Hi. Remember me?

I’m the opinionated fella that seems to have an opinion about everything, but forgets to take notes on the ideas that I have opinions on and want to write about.

Since I was seized by one such topic while I have the iPad in my hand, I want to write on it. That topic is risk. Or, more accurately, protecting your kids from it.  I understand the notion, right? If I can exercise just a little bit more due diligence, and keep my girls safe, I should certainly do so, right?


Are we really doing them any favors by protecting them from all forms of risk? Or would we be better served by letting them fall sometimes? Then, we learn that falling happens, and how to get back up. These discussions with some of our close friends and family who are new parents. Facebook is full of fascinating things. Some of it, even good advice! But, it does t stand out as to which is which. Nobody wants to see their child hurt themselves. It really doesn’t matter if it’s by falling down, at the hands of a friend that’s less than kind, or a substance abuse problem. But, how do you learn about natural consequences, if you’re barred from making decisions that lead to them? The short answer is, you don’t. You learn to believe that someone else will save you from the repercussions of your actions.

And really, what are we trying to protect them from?

Is it that we’re trying to protect them from pain? Are we trying to protect them from bad decisions? Are we simply projecting our own fears upon them? Or, perhaps we’re trying to save our own heartache. I suspect mileage varies, but one thing that I’m sure of, is that it’s going to be difficult to find a person whose healthy confidence in themselves, if they have never been permitted to make decisions and not have them work out to force them to recover. Passing our fears on to our children does them no favors.

But, you know? Something that I’m certain of, is that it would be difficult to find joy in a life completely devoid of sorrow. The thrill of achieving an unexpected success would be severely degraded if there was no cognizance of what it is to fail. What kind of life would it be, to have such a numb existence? Failure is an integral part of growth. As a child, as a teenager, and as an adult. I’ve seen people and corporations become completely paralyzed by the fear of making a mistake, or failing. And while I’ll stop shy of encouraging them to fail, I’ll encourage them to try, because it’ll effectively be the same thing sometimes. And that failure is good, as long as you learn and grow from it.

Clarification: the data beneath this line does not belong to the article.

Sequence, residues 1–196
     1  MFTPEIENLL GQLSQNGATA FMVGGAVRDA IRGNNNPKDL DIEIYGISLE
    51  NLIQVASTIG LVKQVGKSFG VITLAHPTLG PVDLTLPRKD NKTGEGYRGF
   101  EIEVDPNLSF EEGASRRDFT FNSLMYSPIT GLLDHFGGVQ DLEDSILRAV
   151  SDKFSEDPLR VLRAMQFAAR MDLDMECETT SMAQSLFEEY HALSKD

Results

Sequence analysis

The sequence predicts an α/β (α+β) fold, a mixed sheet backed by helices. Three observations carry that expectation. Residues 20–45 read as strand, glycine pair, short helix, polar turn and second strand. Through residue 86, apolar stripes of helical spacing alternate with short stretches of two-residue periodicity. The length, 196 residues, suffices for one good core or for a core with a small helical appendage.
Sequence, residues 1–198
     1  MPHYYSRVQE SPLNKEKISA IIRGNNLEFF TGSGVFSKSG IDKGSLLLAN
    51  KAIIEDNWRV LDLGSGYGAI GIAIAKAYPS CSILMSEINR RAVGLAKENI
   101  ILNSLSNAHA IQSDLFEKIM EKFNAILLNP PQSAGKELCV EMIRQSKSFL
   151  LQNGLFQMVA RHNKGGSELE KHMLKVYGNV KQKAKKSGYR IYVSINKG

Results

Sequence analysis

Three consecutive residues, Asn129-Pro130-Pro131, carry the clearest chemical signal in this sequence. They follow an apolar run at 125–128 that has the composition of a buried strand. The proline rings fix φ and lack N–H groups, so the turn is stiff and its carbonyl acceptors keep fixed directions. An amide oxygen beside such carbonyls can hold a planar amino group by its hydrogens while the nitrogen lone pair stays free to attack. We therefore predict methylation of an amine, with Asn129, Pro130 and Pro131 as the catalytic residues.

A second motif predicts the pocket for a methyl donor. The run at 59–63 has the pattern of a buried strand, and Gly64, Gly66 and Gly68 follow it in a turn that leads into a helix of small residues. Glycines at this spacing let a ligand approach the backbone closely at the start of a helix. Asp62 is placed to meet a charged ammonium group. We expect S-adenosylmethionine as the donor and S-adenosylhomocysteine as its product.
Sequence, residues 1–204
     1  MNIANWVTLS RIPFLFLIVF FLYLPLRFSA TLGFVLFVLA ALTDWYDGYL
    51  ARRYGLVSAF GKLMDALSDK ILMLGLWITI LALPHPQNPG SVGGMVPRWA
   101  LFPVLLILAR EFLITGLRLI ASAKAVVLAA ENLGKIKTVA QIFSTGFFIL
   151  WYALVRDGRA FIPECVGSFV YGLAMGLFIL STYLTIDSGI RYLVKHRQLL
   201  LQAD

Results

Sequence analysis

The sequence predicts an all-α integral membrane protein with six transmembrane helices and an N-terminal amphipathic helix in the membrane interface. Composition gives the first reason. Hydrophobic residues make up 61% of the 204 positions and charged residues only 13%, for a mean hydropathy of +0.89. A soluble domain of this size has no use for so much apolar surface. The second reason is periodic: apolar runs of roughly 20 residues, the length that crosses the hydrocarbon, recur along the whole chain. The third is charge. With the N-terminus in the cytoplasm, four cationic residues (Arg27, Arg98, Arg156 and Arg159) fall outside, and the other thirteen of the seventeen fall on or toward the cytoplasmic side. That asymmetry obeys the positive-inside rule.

Some people, I suppose, would rather have a boring, steady existence. I’m not one of those people. I’ll take the pain, and the joy that I then become cognizant of.

Teaching empathy and gratitude?

Today, I knew what I wanted to write about. What I wasn’t prepared for, was how difficult it has been for me to start. My personal thought is that the two are very closely related. In my case, I’m pretty sure that I understood empathy before gratitude. I was raised by hard working parents. Growing up, I can only remember a single vacation longer than a weekend. It just wasn’t in the cards, I suspect. Dad had a good job, but would find himself laid off by the factory, and find himself in a position where he had to take what jobs he could to provide for his mealy-mouth kids. For her part, Mom pinched the pennies as tightly as she could. To this day, I’m not much of a fan of turkey. This is because Mom would make the biggest bird she could find for Thanksgiving. I swear to you, the four of us would eat that bird until Christmas. Any idea what we had for Christmas dinner? I’ll give you a hint. It fed us until damn near February.

As a result, I feel for the ever-growing numbers of people who struggle. Who are trying to deal with the last thirty years of inflation with wages that haven’t kept pace. It’s always been easy for me to consider walking in their shoes. That said, it got a lot easier when we moved to Nowhere, OH. I’m pretty certain that a not-insignificant portion of town is “food insecure“, where they don’t know if they’ll have enough to eat today. I’m certain that there were plenty of food insecure people where we were in the first place, but I don’t believe it was as conspicuous. So, when we got here, my gratitude for all that I’ve had, whether I had to work for it or not, became much greater.

Important ideals, in my estimation.

More challenging, is how to pass that on to my girls. At what point do they even become capable of empathy? Until they become capable of empathy, is it even possible to teach them about gratitude? If they can’t consider how someone doesn’t have enough, how would they feel anything but their own disappointment at not getting a bigger ice cream dish, or a root beer float? We work to make sure that they understand that some of their classmates may not have enough. Last Christmas, I took them out to participate in the secret Santa phenomenon, paying off layaways at the local-ish KMart. One for each of the girls. I wanted to demonstrate that doing things for others is benefit enough, even when you don’t get anything more out of it.

What more can be done to help instill these values that, in my estimation, are suffering greatly in our society today? I’d love to hear from you in the comments. As a society, we’ve become so overly individualistic that I’m afraid that we’re going lose the ability to empathize. And if we can no longer empathize, I fear for our future.